An earlier version of this essay was originally published in educational Horizons

Gary K. Clabaugh, Emeritus Professor of Education, La Salle University

edited 10/13/11

I think it was the late Paul Goodman who noted that Americans are solemn about schooling but seldom serious. One day as, I was driving home from work, I came to see how right he was. It was no epiphany such as St. Paul experienced on the road to Damascus. There was no blinding light. It happened matter-of-factly as I was tuning my car radio. 

The first button I punched brought me then Secretary of Education Bill Bennett. School reform, he was asserting, did not require more resources. It was, he solemnly declared, a matter of raising educators’ expectations. I had already had my daily ration of sophomoric nonsense, so I punched Bennett out and tuned in an all-sports show. Here a call-in show host was asking for recommendations to improve the Philadelphia Phillies. Dozens of callers responded. What struck me was that very few offered slogans, panaceas, or simplistic solutions. They laid out detailed prescriptions carefully calculated to develop that delicate balance of defensive and offensive capabilities required to win baseball games. 

These fans knew that significant benefits have significant costs. Those suggesting trades, for instance, recognized that to get a first-rate pitcher, you had to be prepared to pay a lot of money, or trade a first-rate something else. When one unrealistic listener suggested trading an average infielder for a starting pitcher, it provoked nothing but derision. “Tell Bill from Narberth to get serious” one caller sneered. 

I momentarily switched back to the station I had started with just to see if anyone was telling Bill Bennett to “get serious.” No one was. It was then that I fully realized what Goodman had been talking about! The baseball callers were serious. Bennett, on the other hand, was merely being solemn. 

It is altogether too easy to do that with schooling. That’s why Bennett got away with assertions that were so childishly simplistic. Put him on this all-sports station with similarly suggestions, and he would have been hooted off the air. 

The Persian Gulf War offers another example of the utility of the solemn/serious distinction. Imagine former President Bush suggesting to the Joint Chiefs that they could defeat Iraq by merely encouraging this expectation in U.S. troops. They would have thought the president had taken leave of his senses. Similarly, no one had to tell General Schwarzkopf that Desert Storm required a well-planned, balanced strategy. He and his staff spent months in meticulous preparation, putting into place their tactics, feeding, clothing, fueling, munitions, transportation, medical and maintenance programs, schemes of maneuver, targeting intelligence, and so forth. Why? Because they were deadly serious.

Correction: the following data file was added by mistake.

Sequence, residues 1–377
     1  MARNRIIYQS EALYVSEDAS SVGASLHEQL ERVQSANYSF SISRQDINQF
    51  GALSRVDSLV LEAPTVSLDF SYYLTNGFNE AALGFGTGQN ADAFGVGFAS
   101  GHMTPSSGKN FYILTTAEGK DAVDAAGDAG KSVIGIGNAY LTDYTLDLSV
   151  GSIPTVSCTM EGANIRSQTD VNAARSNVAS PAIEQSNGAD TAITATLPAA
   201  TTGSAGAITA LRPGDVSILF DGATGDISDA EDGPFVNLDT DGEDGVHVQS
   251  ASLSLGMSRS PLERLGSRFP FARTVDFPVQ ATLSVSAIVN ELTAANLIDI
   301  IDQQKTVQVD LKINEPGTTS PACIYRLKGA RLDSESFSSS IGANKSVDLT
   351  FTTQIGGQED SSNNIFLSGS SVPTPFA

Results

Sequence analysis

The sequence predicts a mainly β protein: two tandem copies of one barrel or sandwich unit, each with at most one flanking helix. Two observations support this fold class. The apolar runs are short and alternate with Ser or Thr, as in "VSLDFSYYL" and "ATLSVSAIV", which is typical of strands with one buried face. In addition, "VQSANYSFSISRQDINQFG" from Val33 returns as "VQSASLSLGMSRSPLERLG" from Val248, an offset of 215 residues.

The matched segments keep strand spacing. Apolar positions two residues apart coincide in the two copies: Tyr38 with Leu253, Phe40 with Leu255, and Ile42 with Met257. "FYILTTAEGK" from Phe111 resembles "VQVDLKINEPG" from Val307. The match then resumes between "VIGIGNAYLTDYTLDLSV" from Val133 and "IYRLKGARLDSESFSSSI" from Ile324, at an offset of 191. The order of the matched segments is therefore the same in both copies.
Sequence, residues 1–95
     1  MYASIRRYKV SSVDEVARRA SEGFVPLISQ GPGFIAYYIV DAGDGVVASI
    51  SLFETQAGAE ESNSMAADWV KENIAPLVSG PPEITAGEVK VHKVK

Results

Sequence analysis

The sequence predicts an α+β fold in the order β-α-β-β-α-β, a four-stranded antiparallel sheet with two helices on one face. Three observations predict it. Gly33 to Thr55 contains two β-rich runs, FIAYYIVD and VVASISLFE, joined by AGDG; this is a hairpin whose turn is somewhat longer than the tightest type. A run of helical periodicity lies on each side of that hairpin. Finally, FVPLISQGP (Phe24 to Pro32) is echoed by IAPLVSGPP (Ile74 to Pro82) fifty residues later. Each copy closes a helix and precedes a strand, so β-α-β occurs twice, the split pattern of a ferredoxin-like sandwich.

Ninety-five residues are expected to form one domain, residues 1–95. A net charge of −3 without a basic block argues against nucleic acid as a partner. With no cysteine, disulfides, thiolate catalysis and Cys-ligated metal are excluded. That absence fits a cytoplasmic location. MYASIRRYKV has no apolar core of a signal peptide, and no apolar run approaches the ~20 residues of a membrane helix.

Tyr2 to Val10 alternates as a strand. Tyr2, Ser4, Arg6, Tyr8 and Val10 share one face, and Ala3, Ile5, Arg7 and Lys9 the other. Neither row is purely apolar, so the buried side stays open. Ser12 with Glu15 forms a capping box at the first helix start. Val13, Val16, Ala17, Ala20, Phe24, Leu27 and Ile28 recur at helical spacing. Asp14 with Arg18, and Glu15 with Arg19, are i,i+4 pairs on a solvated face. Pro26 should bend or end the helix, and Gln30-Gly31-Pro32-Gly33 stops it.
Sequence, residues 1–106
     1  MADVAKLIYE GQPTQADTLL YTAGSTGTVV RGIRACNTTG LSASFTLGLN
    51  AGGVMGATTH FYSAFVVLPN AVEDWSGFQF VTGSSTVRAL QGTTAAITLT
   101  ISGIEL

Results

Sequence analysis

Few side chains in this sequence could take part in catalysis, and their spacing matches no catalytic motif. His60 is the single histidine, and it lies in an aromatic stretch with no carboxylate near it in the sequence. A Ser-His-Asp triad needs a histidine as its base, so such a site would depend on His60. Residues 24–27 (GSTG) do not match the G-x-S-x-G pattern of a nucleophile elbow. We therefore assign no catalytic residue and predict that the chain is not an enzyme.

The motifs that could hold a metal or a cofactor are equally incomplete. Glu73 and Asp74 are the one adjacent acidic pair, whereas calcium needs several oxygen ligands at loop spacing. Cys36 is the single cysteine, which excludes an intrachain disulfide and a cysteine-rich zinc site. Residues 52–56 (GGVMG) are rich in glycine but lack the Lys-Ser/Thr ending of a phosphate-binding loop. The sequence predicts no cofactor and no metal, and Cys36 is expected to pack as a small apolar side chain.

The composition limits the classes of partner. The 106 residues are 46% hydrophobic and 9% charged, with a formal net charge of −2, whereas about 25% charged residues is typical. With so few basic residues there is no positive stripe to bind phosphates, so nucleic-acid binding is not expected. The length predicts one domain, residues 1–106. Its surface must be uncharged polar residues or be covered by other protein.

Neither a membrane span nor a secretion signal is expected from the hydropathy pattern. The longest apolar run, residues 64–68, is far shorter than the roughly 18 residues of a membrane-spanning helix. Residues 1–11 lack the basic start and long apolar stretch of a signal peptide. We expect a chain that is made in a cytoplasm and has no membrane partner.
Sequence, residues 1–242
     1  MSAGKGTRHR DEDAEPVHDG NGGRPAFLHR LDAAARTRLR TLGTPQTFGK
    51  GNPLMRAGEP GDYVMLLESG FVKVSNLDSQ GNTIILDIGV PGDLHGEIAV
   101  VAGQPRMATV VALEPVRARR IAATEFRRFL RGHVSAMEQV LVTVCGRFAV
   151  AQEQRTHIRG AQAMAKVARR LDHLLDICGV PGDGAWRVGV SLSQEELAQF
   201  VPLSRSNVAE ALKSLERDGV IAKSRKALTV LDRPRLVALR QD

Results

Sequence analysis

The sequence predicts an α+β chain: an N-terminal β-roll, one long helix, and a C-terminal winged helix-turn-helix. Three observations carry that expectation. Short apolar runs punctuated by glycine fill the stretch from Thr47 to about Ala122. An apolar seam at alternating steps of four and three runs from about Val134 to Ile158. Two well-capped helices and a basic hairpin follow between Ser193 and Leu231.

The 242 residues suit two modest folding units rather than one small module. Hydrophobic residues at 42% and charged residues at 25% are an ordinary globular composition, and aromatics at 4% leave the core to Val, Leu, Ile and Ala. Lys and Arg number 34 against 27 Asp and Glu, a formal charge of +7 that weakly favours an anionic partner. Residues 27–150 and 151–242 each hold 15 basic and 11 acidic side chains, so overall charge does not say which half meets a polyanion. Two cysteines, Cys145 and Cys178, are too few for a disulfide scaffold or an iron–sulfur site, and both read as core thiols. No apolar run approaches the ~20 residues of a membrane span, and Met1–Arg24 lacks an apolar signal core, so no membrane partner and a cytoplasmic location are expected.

If anybody in the U.S. Department of Education or the various state education agencies is involved in a similarly serious endeavor, I have yet to meet them. Sure, their political bosses make solemn sloganistic pronouncements about “educational reform.” (For example, the United States must lead the world in science and mathematics education by the turn of the century.) But the tasks that would support these reforms have never been seriously considered much less laid out. Worse, the prodigious resources required for their accomplishment have not even been brought up. 

Just mention school reform and it evokes solemn silliness. Consider Reagan’s National Cornmission on Excellence in Education. They declared: “If an unfriendly foreign power had attempted to impose on America the mediocre educational performance that exists today, we might well have viewed it as an act of war.”[1] But if things really are this grave, why did the Commission fail to even consider that schooling is only a small part of a much larger educational system in which the family is the primary teacher. 

For all the Commission members know, it isn’t schools that are failing. It could be a massive failure of the nation’s families or much broader issues, such as social justice. Remember what James Coleman found in the mid-nineteen sixties when he conducted a massive survey of more than a half-million school kids nationwide:

                One implication stands out above all: That schools bring little influence to bear on a child’s achievement that is independent of his background and general social context; and that this very lack of independent effect means that the inequalities imposed on children by their home, neighborhood, and peer environment are carried along to become the inequalities with which they confront adult life at the end of school.[2]

And let’s not forget Christopher Jencks’ famous findings after similarly extensive research in the nineteen seventies:

                Children seem to be far more influenced by what happens at home than what happens at school. They may also he more influenced by what happens on the streets and by what they see on television. Everything else — the school budget, its policies, the characteristics of the teachers-is either secondary or completely irrelevant.[3

Could any really serious reform report ignore such findings? I think not. But Reagan’s commission did.